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Charlie Blackmon is the second-best center fielder in baseball

The Rockies center fielder has been better offensively than every other player at his position, with one, obvious exception.

San Diego Padres v Colorado Rockies Photo by Russell Lansford/Getty Images

By all accounts, Charlie Blackmon is having a career year. His offensive numbers are up across the board and he’s been a key part of the explosive top half of the Rockies batting order. Sadly, there’s a chance that he might not be in a Rockies uniform as early as 2017 and that’s something GM Jeff Bridich will have to reckon with. But just how good has he been? Lets take a look.

There have been five other center fielders that have been on Blackmon’s level, and they are Boston’s Jackie Bradley Jr., the Cubs’ Dexter Fowler, the Mets’ Yoenis Cespedes, the White Sox’ Adam Eaton, and, of course, the Angels’ Mike Trout. All five of these players have has excellent seasons and are great players in their own right, but Blackmon has been better than all of them except Trout. (Trout is still on his own proverbial cloud where he drinks from the fountain of youth, is endowed with the strength of Hercules and the speed of Hermes to create a man-god on a baseball field. But I digress.)

Center fielder data for 2016 through September 18, 2016. (via Fangraphs)

The chart above outlines the stats of the six center fielders sorted by Offensive WAR. Looking at that chart it’s hard to make the argument that anybody has had a better season than Blackmon has. As you can see, Trout’s 60.7 Offensive WAR is insanely high and nobody is going to be close to that. He’s eliminated from this conversation.

Traditionally, center fielders are the speedy, leadoff types, but today’s elite have evolved into complete hitters. Only Blackmon and Fowler were in the leadoff spot on Sunday, while Eaton hit second, Trout and Cespedes hit third, and Bradley Jr. was in the eight-hole. In order to judge these players and truly assess their impact, it’s best to approach it from three angles: power, on-base ability, and defense.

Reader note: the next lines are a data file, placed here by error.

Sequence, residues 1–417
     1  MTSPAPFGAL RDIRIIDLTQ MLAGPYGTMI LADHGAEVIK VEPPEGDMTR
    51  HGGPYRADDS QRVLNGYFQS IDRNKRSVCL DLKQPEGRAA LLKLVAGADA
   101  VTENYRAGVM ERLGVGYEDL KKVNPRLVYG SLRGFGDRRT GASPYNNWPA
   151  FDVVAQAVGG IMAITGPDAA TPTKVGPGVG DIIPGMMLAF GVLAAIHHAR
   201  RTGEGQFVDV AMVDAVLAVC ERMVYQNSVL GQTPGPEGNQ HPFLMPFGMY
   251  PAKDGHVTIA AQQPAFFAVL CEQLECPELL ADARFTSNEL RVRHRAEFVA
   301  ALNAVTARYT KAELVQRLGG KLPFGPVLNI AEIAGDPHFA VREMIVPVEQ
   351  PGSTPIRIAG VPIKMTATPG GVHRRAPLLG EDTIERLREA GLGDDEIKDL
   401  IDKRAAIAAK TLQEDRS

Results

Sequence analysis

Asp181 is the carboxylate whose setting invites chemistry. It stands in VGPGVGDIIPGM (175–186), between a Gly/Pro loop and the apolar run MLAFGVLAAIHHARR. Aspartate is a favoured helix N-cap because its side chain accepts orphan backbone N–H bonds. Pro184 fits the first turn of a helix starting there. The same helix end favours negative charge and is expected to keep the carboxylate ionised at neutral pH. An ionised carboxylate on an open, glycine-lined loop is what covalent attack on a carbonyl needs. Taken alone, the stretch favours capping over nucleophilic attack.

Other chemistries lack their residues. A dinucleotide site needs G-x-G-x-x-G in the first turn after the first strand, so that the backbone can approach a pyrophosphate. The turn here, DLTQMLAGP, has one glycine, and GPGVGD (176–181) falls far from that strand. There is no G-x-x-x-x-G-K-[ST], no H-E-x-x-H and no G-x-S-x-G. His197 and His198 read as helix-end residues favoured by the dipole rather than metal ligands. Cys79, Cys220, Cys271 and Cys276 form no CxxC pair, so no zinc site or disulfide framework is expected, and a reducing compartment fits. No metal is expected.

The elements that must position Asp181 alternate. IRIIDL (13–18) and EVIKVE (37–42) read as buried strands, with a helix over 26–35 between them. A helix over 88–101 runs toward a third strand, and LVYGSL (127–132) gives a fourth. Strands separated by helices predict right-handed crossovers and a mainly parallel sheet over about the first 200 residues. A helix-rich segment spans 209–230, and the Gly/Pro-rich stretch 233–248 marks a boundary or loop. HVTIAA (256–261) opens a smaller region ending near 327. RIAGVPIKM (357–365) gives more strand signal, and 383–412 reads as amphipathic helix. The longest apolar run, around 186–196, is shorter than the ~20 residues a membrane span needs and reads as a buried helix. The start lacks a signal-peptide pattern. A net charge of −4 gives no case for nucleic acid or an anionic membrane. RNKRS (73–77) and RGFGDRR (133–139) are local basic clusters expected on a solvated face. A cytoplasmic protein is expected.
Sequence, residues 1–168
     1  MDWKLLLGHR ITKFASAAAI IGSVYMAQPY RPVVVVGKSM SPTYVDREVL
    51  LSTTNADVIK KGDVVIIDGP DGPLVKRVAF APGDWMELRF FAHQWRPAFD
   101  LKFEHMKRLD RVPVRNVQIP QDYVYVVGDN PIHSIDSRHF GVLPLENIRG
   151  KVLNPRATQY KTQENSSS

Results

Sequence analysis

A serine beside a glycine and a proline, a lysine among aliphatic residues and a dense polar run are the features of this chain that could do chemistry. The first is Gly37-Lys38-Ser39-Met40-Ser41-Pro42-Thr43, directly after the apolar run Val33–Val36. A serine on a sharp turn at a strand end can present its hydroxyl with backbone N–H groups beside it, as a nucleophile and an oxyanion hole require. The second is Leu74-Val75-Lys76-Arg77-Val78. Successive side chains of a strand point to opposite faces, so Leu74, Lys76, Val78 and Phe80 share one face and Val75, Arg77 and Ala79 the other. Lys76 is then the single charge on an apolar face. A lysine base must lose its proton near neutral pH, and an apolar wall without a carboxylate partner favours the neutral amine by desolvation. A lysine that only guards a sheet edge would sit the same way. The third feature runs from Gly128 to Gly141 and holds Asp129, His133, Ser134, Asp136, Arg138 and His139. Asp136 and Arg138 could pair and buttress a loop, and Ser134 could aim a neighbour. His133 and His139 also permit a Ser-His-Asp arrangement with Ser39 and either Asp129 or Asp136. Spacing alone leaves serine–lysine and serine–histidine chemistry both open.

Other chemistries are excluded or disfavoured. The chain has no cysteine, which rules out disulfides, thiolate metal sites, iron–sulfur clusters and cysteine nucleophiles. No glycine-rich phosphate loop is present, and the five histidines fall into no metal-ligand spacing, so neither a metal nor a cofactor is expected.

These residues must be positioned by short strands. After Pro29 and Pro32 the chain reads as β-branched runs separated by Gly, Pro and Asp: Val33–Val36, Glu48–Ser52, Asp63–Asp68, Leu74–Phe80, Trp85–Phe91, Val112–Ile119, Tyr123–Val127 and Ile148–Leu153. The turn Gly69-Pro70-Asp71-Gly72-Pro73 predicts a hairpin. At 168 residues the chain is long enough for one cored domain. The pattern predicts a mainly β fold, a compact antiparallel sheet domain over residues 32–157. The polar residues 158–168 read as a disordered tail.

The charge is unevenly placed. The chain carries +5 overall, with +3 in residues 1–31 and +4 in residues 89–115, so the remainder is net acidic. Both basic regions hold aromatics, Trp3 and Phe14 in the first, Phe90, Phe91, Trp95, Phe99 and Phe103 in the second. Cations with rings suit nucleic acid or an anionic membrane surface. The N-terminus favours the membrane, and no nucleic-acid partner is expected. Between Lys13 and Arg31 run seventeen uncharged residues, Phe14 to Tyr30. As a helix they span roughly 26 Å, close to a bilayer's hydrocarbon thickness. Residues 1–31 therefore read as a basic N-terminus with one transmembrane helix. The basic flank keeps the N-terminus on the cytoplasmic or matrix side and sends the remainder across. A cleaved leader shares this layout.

Blackmon has had an uptick in power, surpassing his previous single-season home run total by eight already this year. Cespedes has a few more homers, sure, but there’s more to power hitting than home runs. Blackmon and Cespedes have the same slugging percentage because Blackmon has made up that difference with doubles and triples. Hell, they’re both .001 percentage points behind Trout in that category.

Blackmon leads all center fielders in batting average at .321, and it’s not just a Coors Field creation. In 299 plate appearances on the road, Blackmon is hitting .320 and has hit 17 of hit 27 home runs outside of friendly confines. The road numbers show that he’s a good hitter regardless of where he’s playing, but still doesn’t make up for his on-base deficiency. Blackmon’s 6.9% walk rate this year is not as nice as it should be and is the most glaring deficiency in his offensive game. Luckily, that low walk rate is coupled with a low strikeout rate which makes it easier to stomach. Even with the low walk rate, Blackmon is still top three in on-base percentage behind Trout and Fowler.

This second chart outlines the six outfielder’s road performance this year. As you can see, the “LOLCoors” argument doesn’t work for Blackmon. He’s arguably been better on the road than he has been at home. In order to truly appreciate how good Blackmon has been, we need to acknowledge that fact.

Center fielder data for away games for 2016 through September 18, 2016. (via Fangraphs)

According to Fangraphs’ Defensive Runs Above Average (Def), Blackmon is 13th out of 18 qualified center fielders with -4.7. It’s hard to judge a Rockies outfielder on their defense because of how expansive Coors Field’s outfield is. Not only does the ball fly at altitude, the Rockies have one of the largest outfields in baseball, making it difficult for any outfielder to cover that much ground. Range Factor has Blackmon as average, ranking 9th out of 17 qualified with a -0.7. On the flipside, Cespedes has only played half of his games in center field and has a -8.1 Def. His value comes from his bat, but Blackmon has shown that he’s his equal this season and his defense, while not great overall, puts him as the second best center fielder in baseball this year.

Honestly, I think Blackmon is destined for a corner outfield spot. He’s not quite good enough to continue to cover center field, but would profile as a plus corner outfielder and, with his newfound power, has a better chance of slotting there than he had previously. Blackmon’s status in Colorado is unclear, but one thing is: Chuck Nazty is the second-best center fielder in baseball.